"I wish they'd cut that bloody racket out," the Major complains. "It's starting to give me a migraine."
"Don't be such a misery guts," Mrs Percy chides.
But the singing increases in volume, and one of the young women from the back of the charabanc gets up and stands in the aisle, conducting the choir. Then things get a bit raucous as the men start singing 'Get Yer Tits Out For The Lads!'
The Major swivels around in his seat to check up on proceedings. He is horrified to see the woman at the back launch into what looks very much like a strip tease routine. And sure enough, the men start up with 'The Stripper' theme.
"She isn't..." the Major gasps. "She's taking her bloody top off!"
"Don't look Major," says Mrs Percy. "Pretend you're above that sort of thing."
"I am above that sort of thing!" the Major snorts, still looking. "Bloody hell, the wife. She's a big girl...oh bugger, she's heading our way..."
"Don't you dare look Major! I'm warning you!"
But the Major has little say in the matter, as the well endowed young woman stands right by him and treats him to a 'jiggle.' Much to the amusement of the yobs at the back.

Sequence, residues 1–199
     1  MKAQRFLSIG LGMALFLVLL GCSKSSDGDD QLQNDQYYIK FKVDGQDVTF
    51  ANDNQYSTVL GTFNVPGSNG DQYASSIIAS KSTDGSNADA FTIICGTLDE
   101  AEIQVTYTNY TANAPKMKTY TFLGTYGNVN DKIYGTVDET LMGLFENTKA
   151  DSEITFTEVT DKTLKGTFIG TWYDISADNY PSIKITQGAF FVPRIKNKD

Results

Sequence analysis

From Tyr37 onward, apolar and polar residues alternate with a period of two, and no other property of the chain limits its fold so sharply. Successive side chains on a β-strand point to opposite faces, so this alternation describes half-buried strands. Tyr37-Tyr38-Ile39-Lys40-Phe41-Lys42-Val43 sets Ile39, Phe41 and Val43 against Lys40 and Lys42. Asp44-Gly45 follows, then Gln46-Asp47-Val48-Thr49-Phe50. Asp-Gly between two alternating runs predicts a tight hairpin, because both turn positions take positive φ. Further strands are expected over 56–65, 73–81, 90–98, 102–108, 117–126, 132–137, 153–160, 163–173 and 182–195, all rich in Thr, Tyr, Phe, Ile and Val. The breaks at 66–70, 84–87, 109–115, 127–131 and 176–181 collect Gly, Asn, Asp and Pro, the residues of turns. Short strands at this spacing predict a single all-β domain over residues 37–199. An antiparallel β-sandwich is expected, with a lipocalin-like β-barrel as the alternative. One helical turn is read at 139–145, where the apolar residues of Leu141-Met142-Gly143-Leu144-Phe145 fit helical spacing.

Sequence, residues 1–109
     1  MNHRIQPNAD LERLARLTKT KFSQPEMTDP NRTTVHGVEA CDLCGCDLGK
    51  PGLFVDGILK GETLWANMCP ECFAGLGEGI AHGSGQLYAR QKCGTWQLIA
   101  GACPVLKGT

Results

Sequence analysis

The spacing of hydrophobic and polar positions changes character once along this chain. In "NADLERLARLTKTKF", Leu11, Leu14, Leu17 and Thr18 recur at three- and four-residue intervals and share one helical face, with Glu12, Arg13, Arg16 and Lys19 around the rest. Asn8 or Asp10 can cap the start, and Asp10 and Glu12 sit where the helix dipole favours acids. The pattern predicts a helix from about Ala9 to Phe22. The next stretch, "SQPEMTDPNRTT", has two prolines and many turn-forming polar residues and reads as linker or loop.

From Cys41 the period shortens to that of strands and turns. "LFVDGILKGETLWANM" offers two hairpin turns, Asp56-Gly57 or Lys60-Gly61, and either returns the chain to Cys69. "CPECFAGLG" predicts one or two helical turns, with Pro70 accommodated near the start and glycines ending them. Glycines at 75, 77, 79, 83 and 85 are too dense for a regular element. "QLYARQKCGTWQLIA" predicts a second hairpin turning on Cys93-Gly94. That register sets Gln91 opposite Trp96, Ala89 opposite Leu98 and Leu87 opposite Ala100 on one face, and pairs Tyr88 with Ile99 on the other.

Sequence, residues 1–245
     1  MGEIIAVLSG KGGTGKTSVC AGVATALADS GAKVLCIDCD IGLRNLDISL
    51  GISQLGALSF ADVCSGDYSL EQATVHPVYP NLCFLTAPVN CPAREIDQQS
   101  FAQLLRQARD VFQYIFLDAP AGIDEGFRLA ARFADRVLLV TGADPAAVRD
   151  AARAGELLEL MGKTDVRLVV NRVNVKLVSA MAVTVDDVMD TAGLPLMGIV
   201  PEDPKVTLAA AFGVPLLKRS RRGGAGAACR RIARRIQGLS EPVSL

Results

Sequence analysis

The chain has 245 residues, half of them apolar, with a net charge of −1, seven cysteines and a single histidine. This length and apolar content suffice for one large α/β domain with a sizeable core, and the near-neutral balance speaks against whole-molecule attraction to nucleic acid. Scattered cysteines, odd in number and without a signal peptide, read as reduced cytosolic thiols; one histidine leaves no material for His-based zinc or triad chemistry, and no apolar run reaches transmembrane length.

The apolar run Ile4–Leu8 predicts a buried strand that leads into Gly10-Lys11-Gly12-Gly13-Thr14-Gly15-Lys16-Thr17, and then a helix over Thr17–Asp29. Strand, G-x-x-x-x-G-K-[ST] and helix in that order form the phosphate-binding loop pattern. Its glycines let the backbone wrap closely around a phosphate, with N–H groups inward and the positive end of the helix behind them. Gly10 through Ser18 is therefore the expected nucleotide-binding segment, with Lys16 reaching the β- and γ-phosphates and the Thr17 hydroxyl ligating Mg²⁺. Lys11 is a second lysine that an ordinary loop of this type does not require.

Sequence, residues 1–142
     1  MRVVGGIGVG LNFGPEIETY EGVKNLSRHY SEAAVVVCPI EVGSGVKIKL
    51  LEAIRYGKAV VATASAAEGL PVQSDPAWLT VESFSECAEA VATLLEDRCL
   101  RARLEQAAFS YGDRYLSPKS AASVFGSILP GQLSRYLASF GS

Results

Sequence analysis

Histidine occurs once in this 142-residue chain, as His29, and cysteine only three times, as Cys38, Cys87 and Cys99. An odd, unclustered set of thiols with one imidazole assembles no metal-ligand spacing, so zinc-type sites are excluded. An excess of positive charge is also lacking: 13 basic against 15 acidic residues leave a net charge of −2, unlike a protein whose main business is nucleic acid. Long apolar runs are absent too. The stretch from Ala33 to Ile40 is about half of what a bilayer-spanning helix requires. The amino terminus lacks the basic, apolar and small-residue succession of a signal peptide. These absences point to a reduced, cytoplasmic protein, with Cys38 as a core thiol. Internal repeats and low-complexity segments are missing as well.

"Get those bloody things away from me!" the Major growls. "If you touch me with those monstrosities I shall have you arrested for assault! Have you no bloody shame!"
The woman just laughs and walks to the back of the charabanc, where she is hailed by a chorus of cheers and wolf whistles.
"Thank God we'll be home soon..." the Major groans.
"Oh, I don't know Major," Mrs Percy says. "Methinks thou doth protesteth too much. I think you got some sort of vicarious thrill out of that."
"Stuff and nonsense!" the Major protests. "This is the last blithering charabanc trip I shall embark upon. These people behave like wild animals once they've got a drink inside them. They shouldn't be allowed out. They're a bloody disgrace!"
Mercifully, the outing draws to a close, and the Major and Mrs Percy disembark for the last time. They stand on the pavement outside the newsagent's as the sun slowly sinks in the western sky. It is eight-thirty pm precisely.
They watch as the charabanc pulls sedately away. The stripper woman at the back can't seem to resist giving the Major a final topless flash from the rear window.
"Bloody nerve," he mutters. "Have you got everything, the wife?"
"I think so," Mrs Percy gasps. "I've got the picnic basket, the all purpose bag and the emergency supplies case. Was there anything else?"
"I don't think so," the Major says. "We didn't bring the metal detector this time. Anyway, take your time old girl. Wouldn't want you having a coronary from pushing it too hard."
"No dear..." Mrs Percy shuffles along, obviously struggling under the duel weights of fatigue, and her burden.